Of course, the US State Department told Assange that releasing 250,000 cables was illegal — i.e. he did not have their permission — and rejected his offer of "scrubbing the cables" of sensitive information — i.e. fixing them. Assange published the cables anyway, in a wave of opportunism and duplicity — screwing over entire countries and their citizens to make a name for himself.

Actually, I support the idea of government transparency. Yes, I worry that some of this information could cost lives (although to date, it has not resulted in even one death). And I worry that his leaks could damage important diplomatic relationships.

But I also believe that we have learned important information from Wikileaks, like how our government has lied about intelligence gathering and the war. Like how the Chinese government launched a cyberattack on Google. Or that Turkey helped al-Qaeda in Iraq. Or that President Bill Clinton ordered American diplomats to spy on UN officials.

I believe governments should not hide the way they do things, because it allows them to operate in secret, sometimes against their own citizens' interests.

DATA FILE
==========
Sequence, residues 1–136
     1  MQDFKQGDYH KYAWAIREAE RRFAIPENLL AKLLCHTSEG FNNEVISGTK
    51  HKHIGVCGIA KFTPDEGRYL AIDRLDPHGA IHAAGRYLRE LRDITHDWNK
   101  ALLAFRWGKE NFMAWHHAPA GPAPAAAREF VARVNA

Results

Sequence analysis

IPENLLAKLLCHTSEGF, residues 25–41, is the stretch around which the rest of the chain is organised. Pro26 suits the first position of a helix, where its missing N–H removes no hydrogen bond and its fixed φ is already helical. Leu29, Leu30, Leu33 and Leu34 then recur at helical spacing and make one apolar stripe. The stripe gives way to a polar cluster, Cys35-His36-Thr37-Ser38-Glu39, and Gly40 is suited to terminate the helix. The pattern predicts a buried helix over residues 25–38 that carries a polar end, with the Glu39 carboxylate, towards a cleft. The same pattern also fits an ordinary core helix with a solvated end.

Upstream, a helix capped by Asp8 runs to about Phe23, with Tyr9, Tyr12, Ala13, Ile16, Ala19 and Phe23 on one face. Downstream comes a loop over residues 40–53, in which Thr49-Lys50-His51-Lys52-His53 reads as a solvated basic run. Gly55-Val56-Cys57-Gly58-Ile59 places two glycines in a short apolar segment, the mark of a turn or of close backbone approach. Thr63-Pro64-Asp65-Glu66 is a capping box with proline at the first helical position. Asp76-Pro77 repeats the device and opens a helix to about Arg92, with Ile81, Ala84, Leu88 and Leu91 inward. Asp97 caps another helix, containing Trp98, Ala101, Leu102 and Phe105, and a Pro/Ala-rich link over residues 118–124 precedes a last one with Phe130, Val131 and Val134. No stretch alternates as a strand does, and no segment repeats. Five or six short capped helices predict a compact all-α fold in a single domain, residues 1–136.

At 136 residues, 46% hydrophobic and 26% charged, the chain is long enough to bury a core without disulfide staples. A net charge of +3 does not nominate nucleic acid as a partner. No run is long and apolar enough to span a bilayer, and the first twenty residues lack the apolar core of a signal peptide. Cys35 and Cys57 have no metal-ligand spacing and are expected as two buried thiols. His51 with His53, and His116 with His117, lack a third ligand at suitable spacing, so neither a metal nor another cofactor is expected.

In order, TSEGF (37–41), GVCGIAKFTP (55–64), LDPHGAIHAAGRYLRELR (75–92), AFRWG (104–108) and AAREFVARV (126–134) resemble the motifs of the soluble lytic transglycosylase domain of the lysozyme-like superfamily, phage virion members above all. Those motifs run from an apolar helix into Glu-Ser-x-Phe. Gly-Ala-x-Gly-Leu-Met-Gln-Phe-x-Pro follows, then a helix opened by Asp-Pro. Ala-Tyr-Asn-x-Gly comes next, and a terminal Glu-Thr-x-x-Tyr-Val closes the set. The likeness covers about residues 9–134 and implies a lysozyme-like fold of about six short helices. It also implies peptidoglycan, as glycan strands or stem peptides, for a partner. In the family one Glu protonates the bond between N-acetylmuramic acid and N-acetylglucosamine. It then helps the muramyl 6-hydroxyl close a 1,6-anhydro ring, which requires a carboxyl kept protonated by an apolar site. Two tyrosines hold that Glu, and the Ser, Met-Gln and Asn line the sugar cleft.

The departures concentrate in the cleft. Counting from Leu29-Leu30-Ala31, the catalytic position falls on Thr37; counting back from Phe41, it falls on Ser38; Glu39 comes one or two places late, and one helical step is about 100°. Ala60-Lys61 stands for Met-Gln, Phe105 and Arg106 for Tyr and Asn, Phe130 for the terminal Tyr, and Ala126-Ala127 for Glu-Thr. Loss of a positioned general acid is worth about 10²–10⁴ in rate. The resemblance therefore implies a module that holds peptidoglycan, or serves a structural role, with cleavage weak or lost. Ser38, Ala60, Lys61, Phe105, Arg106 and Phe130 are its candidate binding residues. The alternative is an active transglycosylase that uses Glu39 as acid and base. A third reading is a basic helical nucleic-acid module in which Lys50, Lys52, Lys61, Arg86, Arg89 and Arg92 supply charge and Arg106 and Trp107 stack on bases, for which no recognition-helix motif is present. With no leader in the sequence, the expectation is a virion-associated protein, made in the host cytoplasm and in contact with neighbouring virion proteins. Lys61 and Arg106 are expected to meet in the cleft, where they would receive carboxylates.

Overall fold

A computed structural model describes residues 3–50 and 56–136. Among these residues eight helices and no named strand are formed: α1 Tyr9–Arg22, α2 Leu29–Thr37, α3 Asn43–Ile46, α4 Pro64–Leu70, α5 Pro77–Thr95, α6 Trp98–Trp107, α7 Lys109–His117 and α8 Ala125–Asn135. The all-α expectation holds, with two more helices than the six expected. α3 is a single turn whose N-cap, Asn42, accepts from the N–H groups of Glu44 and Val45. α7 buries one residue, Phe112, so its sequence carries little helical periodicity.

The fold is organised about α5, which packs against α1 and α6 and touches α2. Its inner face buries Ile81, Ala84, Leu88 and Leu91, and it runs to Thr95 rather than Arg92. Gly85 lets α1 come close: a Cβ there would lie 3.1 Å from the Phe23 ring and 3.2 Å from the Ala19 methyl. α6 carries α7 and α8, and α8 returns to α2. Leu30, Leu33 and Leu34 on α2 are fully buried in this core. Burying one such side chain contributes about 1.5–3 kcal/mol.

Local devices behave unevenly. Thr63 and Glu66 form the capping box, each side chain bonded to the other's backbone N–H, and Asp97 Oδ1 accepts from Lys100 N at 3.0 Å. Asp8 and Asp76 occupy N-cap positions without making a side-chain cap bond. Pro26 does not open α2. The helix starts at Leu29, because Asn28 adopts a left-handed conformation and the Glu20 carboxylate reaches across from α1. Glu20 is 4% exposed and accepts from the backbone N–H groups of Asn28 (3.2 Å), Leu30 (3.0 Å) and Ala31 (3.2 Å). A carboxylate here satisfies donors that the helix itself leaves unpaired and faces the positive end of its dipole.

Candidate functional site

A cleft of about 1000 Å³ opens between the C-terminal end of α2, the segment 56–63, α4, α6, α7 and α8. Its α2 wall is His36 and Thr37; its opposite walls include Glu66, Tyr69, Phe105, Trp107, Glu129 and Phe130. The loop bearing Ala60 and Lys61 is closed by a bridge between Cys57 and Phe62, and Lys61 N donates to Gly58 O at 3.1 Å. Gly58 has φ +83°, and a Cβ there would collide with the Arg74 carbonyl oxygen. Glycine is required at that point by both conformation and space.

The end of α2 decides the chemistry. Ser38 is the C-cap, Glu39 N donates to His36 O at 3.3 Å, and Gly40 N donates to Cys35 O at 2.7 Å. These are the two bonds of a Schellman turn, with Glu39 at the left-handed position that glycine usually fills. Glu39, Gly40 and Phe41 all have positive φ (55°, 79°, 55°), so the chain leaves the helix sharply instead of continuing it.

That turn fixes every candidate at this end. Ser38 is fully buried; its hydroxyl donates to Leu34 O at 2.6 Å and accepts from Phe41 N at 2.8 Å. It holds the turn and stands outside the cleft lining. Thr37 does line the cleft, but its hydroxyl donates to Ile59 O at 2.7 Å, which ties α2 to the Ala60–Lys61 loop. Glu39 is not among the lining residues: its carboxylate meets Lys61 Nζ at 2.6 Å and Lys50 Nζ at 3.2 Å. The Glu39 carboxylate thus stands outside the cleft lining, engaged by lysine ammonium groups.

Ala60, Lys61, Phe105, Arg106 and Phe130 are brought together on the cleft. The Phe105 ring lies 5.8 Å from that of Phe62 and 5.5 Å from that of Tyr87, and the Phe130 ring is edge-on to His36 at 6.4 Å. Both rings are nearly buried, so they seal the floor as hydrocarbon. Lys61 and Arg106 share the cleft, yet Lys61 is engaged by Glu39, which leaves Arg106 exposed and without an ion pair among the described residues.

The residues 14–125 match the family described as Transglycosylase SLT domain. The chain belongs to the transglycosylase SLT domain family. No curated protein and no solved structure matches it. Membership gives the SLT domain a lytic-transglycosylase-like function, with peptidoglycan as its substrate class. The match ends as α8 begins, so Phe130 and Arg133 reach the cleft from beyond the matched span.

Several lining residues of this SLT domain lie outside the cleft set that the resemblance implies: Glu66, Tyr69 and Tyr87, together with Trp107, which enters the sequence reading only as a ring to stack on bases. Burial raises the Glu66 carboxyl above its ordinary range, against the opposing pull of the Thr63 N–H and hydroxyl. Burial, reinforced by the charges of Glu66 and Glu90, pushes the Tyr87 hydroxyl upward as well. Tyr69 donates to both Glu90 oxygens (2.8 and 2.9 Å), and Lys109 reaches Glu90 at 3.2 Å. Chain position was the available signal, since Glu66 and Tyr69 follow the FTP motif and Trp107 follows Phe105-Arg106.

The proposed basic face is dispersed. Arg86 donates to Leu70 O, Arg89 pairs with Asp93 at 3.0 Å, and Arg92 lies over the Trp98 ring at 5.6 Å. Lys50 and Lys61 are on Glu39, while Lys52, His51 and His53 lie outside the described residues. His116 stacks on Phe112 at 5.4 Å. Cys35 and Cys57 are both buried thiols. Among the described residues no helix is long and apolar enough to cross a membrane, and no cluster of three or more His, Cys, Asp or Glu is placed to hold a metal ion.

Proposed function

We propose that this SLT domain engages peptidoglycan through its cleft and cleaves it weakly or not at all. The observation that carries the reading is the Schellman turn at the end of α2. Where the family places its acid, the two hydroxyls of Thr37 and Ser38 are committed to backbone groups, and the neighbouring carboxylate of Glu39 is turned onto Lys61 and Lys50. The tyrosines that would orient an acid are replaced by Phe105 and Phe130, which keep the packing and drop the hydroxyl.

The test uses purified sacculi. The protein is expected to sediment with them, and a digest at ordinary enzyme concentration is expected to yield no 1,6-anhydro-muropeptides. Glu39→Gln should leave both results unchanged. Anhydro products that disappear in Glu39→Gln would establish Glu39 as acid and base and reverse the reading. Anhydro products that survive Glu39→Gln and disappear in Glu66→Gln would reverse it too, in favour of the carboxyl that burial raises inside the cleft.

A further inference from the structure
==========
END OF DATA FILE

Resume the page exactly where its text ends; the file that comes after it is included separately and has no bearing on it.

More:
But I also believe that the chief information-freer should not get his panties in a twist when it's his own information that's been freed.



My book, Branding Yourself: How to Use Social Media to Invent or Reinvent Yourself (affiliate link), is available on Amazon.com, as well as at Barnes & Noble and Borders bookstores. I wrote it with my good friend, Kyle Lacy.

My NEW book, No Bullshit Social Media: The All-Business, No-Hype Guide to Social Media Marketing has also been released. You can get it from Amazon, Barnes & Noble, and Books-A-Million, as well as the Kindle or Nook now.

---
Like this post? Leave a comment, Digg it, or Stumble it.

Wednesday, September 21, 2011

Special prices on Fever Playoff Tickets for Game Against Atlanta Dream!